Creation’s Response

The heaving earth, the rent rocks, and the terrific darkness proclaimed that it was the Son of God who died. There was a mighty earthquake. The veil of the Temple was rent in twain. Terror seized the executioner and spectators. As Christ commended His spirit into the hands of the Father, the mocking and jeering of the chief priests and elders was hushed. The astonished throng began to withdraw, and in terror grope their way to the city. They smote upon their breasts as they went, and speaking scarcely above a whisper, said among themselves, It is an innocent man that has suffered. What if indeed He were the Son of God?

Jesus did not yield up His life until He had accomplished the work which He came to do, and exclaimed with His expiring breath, “It is finished.” Angels rejoiced as the words were uttered. They knew that Satan was defeated, his kingdom lost. The great plan of redemption, which was dependent upon the death of Christ, had been thus far carried out, and there was joy in heaven that through faith in Christ the sons of Adam could finally be exalted to the throne of God.

Future Glory

Contrast with the humiliation and sufferings of Christ, the riches of glory, the wealth of praise, pouring forth from immortal tongues, the millions of rich voices in the universe of God in anthems of adoration; and seek to comprehend the magnitude of His love. As a member of the human family, He was mortal; but as God, He was the fountain of life to the world. He could, in His divine person, ever have withstood the advances of death, and refused to come under its dominion; but voluntarily He laid down His life, that He might give life, and bring immortality to light. He bore the sin of the world, and endured the penalty, that rolled like a mountain upon His divine soul. He yielded up His life a sacrifice, that man should not eternally die. He died, not through being compelled to die, but by His own free will. The whole treasure of heaven was poured out in one gift to save fallen man.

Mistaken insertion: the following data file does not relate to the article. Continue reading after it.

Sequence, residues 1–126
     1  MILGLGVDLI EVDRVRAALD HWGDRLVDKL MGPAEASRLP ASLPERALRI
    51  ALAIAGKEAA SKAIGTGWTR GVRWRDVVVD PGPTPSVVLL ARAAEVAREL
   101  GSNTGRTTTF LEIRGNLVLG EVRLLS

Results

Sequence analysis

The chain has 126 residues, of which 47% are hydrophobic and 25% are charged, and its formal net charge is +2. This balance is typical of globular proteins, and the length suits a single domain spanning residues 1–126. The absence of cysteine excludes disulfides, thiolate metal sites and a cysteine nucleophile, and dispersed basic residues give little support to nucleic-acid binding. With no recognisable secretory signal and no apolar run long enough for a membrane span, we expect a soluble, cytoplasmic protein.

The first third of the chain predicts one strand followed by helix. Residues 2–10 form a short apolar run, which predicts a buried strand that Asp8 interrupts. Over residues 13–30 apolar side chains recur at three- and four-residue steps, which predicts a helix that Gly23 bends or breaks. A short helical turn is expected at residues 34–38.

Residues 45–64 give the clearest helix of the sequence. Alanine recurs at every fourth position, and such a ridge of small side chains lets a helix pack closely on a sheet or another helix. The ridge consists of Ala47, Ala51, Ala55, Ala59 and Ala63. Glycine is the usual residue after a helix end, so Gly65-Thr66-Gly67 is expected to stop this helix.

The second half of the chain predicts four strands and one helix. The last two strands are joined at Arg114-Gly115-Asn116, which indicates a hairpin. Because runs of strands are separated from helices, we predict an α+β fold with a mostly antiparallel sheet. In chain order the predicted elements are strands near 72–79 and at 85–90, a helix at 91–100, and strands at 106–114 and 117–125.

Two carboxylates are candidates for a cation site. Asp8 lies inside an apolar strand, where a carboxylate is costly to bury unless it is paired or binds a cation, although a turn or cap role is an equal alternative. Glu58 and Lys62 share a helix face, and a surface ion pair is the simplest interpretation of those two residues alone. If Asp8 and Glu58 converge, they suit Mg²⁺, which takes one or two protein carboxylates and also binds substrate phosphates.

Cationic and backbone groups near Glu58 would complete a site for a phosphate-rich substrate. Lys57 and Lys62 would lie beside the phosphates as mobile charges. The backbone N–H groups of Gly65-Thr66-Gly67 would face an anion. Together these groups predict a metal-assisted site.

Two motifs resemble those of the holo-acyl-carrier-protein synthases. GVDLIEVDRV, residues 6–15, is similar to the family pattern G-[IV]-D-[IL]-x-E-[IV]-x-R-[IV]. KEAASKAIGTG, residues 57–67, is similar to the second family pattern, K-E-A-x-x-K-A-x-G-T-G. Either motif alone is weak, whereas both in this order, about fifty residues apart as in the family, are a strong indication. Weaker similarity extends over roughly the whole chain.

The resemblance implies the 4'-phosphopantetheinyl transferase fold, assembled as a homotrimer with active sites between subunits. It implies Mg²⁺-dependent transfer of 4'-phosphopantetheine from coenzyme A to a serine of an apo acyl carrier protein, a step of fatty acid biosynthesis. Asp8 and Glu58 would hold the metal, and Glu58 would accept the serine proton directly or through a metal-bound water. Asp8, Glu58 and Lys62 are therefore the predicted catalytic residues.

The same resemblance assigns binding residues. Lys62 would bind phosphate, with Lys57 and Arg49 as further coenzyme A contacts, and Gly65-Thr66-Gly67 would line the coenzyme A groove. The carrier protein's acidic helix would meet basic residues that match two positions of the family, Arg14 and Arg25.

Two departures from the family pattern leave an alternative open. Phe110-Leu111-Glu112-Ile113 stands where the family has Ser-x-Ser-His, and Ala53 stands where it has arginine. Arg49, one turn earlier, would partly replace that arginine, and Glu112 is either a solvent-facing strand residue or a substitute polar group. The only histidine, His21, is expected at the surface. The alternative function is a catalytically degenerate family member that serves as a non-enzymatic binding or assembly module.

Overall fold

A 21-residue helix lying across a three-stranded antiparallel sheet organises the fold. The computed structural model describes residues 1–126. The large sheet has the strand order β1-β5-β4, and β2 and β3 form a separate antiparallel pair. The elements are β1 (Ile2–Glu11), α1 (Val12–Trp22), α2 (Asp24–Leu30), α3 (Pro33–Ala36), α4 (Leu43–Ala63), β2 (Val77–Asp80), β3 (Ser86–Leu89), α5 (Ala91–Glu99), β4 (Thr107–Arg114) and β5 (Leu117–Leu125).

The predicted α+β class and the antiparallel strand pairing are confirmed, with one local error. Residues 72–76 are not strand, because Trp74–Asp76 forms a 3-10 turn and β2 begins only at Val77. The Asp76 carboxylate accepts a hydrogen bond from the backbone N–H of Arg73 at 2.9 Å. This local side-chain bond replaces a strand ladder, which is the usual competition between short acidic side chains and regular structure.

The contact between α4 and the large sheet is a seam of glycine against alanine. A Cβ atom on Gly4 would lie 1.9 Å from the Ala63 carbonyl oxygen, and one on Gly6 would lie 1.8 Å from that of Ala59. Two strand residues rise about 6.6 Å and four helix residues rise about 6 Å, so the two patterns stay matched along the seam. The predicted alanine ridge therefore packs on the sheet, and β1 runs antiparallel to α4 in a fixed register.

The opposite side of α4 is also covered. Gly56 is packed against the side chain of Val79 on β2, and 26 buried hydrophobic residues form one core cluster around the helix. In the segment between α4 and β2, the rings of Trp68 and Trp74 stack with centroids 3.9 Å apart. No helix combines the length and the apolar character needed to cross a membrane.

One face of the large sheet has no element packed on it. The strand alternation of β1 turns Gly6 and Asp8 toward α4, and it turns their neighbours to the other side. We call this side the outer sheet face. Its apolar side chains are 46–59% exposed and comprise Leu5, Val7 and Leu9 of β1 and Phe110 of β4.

Nothing could have actuated Christ to leave His honor and majesty in heaven, and come to a sinful world, to be neglected, despised, and rejected by those He came to save, and finally to suffer upon the cross, but eternal, redeeming love, which will ever remain a mystery. O, what love! what amazing love! that the Son of God should come to earth to be made sin for us, in order that we might be reconciled to God, and exalted to a place with Him in the mansions of glory. And O, what is man that such a price should be paid for his redemption!